LONDON — Just like a month ago, a new England managerial era opened with a win on Saturday. In World Cup qualifying, it’s two wins out of two — with two different managers.
Gareth Southgate will be hoping to last longer than speedily dismissed predecessor Sam Allardyce’s 67 days.
There’s no certainty. Far from it. The 2-0 victory over Malta on Saturday was the first of only four games Southgate knows he could have to transform perceptions of international football’s most scrutinized, yet underwhelming and ridiculed teams.
Every moment patrolling the touchline, reconfiguring his tactics and explaining his decisions in public, the 46-year-old caretaker coach is being judged by the Football Association.
The unassuming victory over Malta was very much in the mold of England’s new, placid manager whose character contrasts sharply with the brash and boastful Allardyce.
The opponents were unambitious but so was England with a performance lacking dynamism and urgency once the lead had been established in the first half by Daniel Sturridge’s header from Jordan Henderson’s cross, and Dele Alli’s strike.
“There’s certainly room for improvement but that’s not a bad place for us to be,” Southgate said.
“In the second half subconsciously there was a feeling the game was won and they were looking forward towards Tuesday (against Slovenia), physically.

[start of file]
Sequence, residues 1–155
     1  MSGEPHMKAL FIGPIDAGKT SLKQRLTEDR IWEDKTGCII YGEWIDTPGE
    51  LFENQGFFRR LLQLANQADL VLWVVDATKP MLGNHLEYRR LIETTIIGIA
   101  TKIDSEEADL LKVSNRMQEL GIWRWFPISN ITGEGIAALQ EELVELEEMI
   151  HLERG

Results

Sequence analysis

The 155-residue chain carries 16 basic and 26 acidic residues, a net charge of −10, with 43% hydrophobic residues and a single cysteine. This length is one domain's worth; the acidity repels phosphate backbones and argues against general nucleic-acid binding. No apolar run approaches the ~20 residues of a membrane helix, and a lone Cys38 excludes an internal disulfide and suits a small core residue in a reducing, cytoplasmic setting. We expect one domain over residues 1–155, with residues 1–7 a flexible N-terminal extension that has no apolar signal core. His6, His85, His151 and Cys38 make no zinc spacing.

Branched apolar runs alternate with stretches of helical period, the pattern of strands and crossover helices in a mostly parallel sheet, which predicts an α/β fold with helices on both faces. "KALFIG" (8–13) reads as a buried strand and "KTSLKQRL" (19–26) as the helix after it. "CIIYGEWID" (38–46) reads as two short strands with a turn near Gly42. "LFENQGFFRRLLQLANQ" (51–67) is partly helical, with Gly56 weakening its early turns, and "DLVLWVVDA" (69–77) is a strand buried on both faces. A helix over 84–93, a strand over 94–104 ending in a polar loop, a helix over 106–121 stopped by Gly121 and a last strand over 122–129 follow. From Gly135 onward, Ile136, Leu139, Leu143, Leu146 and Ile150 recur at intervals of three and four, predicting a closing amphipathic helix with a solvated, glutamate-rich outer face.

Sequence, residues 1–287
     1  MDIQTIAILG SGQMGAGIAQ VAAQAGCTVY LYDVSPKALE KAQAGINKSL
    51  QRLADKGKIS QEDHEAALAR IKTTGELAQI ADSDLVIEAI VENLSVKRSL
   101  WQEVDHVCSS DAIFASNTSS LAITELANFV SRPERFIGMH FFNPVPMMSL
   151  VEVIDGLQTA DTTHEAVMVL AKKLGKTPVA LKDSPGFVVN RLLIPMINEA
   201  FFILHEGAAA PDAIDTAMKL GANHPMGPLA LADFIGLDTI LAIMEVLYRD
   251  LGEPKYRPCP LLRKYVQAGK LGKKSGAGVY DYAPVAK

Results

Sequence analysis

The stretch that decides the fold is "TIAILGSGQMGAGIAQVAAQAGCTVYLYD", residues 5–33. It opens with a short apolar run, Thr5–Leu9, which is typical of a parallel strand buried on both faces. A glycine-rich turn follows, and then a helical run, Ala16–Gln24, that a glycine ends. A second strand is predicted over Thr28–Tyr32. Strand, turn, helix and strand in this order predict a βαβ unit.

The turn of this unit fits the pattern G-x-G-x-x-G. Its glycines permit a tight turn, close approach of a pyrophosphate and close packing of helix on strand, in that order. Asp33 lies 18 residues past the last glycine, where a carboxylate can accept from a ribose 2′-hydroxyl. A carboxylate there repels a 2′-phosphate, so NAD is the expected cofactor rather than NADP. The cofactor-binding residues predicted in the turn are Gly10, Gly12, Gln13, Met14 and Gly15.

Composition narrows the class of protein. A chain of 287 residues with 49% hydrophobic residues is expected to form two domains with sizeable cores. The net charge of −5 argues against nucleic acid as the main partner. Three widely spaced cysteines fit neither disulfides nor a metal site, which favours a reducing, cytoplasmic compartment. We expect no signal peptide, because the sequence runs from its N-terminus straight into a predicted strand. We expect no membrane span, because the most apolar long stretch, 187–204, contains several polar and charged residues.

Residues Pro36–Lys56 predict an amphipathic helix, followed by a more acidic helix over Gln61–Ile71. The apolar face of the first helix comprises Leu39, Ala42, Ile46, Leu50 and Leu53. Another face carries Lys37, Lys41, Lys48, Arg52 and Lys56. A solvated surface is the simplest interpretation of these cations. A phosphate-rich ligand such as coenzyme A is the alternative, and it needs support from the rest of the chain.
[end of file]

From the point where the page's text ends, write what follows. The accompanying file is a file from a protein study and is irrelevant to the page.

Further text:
The players might be preserving their energy. But Southgate, who played at three tournaments with England, has to seize every moment if he is to lead the team into the 2018 World Cup in Russia.
By next month, after more demanding on-field assignments against Slovenia, Scotland, and Spain, Southgate could be returning to the under-21s team after just 49 days with the senior side if results don’t go his way, or if a more experienced coach is desired.
“I would have liked us to have won by the bigger scoreline,” Southgate said. “I want my teams to attack and I want them to play very good football. At times, some of the flicks and things didn’t come off.
“You are playing against a 5-4-1 that limits the space and maybe we tried some passes which were too difficult at times.”
Southgate was also diplomatic. As interim coach, he can’t afford to lose the dressing room.
“I’m not going to be critical of the players,” he said. “They’ve had to pick up from two changes of managers and a complete change from the way we have worked.”
The first change followed the embarrassment of the European Championship in June when England was eliminated by Iceland and Roy Hodgson’s hopes of a new contract ended.
In came the fierce patriot whose pride at landing the job of a lifetime was not matched by his awareness of the responsibilities of holding the prestigious job. Before Allardyce had even taken charge of his first — and only game — in September against Slovakia, he had fallen for a newspaper sting.
Once video emerged last week of Allardyce appearing to offer advice to fictitious businessmen on how to sidestep an outlawed player transfer practice, and also negotiating a 400,000 pound (about $500,000) public-speaking contract, the FA quickly parted company with him.
It was the latest turbulent chapter for a country which hosts the world’s richest soccer league and has excessively high expectations for a national team whose one and only trophy came in the 1966 World Cup.
And yet the fans still turn out to watch the team, even when modest, unappealing opposition come to Wembley. Southgate’s England managerial debut was watched by more than 80,000 in the north London stadium.
“Given the situation I picked up about 12 days ago, we’ve internally come a hell of a long way,” said Southgate, whose only previous senior management job was with Middlesbrough from 2006 to 2009.